Late last week, Ukrainian Foreign Minister Pavlo Klimkin boasted to Austrian media about the "many things" NATO's armies can learn from the Ukrainian military, including "tactics, endurance and combat readiness."
"Without these things modern weapons just won't help," he said. In the same interview, the minister also indicated that his country would only enter the European only when Brussels itself was ready, noting that "Kiev is in no hurry."
Still, Berg added that no matter how ridiculous Klimkin's words might seem, he wasn't wrong. "Many, by inertia, continue to believe that Kiev is completely dependent on its sponsors, and cannot make a single step without their permission — that it is an obedient and studious vassal of its Western operators, and snaps a salute as soon as the latter raises an eyebrow," the commentator wrote. The reality, she added, is that on some issues, nothing could be further from the truth.
Kiev, Berg observed, has allowed itself the luxury of disregarding its Western partners' concerns, even ignoring direct instructions outright. The situation surrounding pensioners in the war-torn region of Donbass was a perfect example.
"Every year, monitors from the UN, the OSCE, and human rights groups criticize Kiev over the fact that about 400,000 residents of the region have been denied pensions, and say that the Ukrainian government is obliged to rectify this situation." In response, Ukrainian state and social media engage in attack campaigns against the pensioners, accusing them of separatism, while Kiev blissfully ignores the Western officials' concern.
In other words, Berg wrote, "the indignation of the [foreign] monitoring commissions can be likened to a ritual dance with a tambourine, before everyone forgets about the unhappy pensioners, at least until the next eruption of human rights concerns. That is, Kiev tells its Western sponsors to go where the sun don't shine, and they line up in a row and set out merrily on their way."
On the contrary, Berg noted, "merely ignoring their sponsors' instructions has ceased to amuse Ukrainian authorities, who have come to sense that they could do whatever they wanted, without consequences, while the dramatic staged cries by the sensitive West can and should safely be ignored. Therefore, the president and lawmakers boldly go further, spitting right in the eyes of their curators…By default, Ukraine has become an untouchable enfant terrible, with everything it does being forgiven."
This, the commentator wrote, is applicable to things like the secret prisons being run by the Ukrainian Security Services, which human rights observers have accused of engaging in torture, violence against inmates, and even extrajudicial killings.
"In the years since Maidan [the pro-Western coup in Kiev in February 2014], Western rights activists and their local grant-funded counterparts…have been morosely marking their concern and anxiety regarding [these prisons]. After all, the burden on these illegal detention centers has risen dramatically thanks to the fact that the new 'democratic' government threw its opponents – including anti-Maidan activists, ex-lawmakers, former members of the government, and others into these prisons."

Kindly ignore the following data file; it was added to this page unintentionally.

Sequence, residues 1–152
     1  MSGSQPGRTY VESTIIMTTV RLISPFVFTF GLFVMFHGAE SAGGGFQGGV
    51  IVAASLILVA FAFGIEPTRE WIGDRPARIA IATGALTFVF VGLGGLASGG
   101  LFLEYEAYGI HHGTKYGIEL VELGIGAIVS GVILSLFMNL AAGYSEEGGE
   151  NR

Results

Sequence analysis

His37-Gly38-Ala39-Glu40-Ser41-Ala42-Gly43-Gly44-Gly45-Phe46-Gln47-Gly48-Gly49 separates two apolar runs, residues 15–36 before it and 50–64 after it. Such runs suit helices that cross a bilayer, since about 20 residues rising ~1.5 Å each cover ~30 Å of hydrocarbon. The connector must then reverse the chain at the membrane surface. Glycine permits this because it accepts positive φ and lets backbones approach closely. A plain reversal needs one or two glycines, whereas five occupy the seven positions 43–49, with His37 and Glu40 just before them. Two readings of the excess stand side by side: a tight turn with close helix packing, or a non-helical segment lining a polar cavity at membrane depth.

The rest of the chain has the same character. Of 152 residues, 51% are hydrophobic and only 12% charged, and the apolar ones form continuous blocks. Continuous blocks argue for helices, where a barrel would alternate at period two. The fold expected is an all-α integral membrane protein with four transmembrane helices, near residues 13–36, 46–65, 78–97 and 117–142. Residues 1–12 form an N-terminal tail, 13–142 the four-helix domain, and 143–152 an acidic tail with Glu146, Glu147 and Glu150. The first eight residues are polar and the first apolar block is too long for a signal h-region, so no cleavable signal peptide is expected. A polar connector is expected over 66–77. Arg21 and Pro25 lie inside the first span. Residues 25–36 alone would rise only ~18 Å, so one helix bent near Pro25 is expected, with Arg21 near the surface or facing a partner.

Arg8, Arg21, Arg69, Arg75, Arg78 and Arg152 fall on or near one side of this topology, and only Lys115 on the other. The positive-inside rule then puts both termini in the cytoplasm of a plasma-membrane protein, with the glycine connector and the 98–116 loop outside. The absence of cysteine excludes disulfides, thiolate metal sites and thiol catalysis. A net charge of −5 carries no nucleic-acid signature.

"For years, Donbass residents grabbed in the warzone have been detained there, forming an 'exchange fund' for bargaining for Ukrainian military POWs. Often, these are genuine random passers-by, [detained for being] suitable for exchange. Torture, beatings, humiliation – this is the routine format of the work of these prisons. At first, Ukrainian authorities half-heartedly attempted to deny the existence of such prisons, although hiding their smooth functioning was impossible. A year ago, a UN monitoring mission was forced to halt its visit to Ukraine, after the Ukrainian Security Services simply refused to allow them to visit a prison. What happened next? Nothing."
Finally, the commentator wrote, there was the issue of Ukraine's ongoing "ideological reformatting" – the forced assimilation of Russian-speakers, humiliation and persecution of citizens on the grounds of nationality, religion, or political beliefs, the esthetization of Nazi symbols, the glorification of WWII-era Nazi collaborators, open calls for extrajudicial executions of critics of the government, and so on. This includes radical nationalist attacks on peaceful protests, intimidation and beatings of opposition figures, threats, harassment and other forms of pressure leveled against dissidents.
Through it all, Berg noted, "the West has been monumentally silent, even though if just 1% of what is happening in Ukraine were to take place in 'civilized Europe', the offender would be in big trouble."
"Occasionally, only the Poles cry out…for them, Bandera and Shukhevych, [two Nazi collaborators glorified by the present Ukrainian authorities] are like a knife to the heart, since they were executioners of the Polish people. The Poles get nervous, scream something, shake their fists and say they won't allow this, won't forgive, etc. But Kiev has the assurance that they will be forgiven…For Poland, Ukraine is a critically important resource – a source of cheap labor and an eternal ulcer in Russia's underbelly."
"Kiev was added to the club of tyrannical governments…it was demanded that the ban be lifted immediately, that access be restored, and that freedom of speech be ensured…What happened next? Not much. [President] Poroshenko explained to his excitable overlords that without the block, Ukraine could not survive – that the enemy would launch an assault on Kiev using the Yandex search engine's maps feature. The West swallowed it. And peace and quiet returned" to relations between Kiev and its Western partners.
How long all of this will last remains uncertain. In any case, Berg noted that the relationship between Ukraine and its foreign sponsors is shaping up to look distinctly like a case of the tail wagging the dog.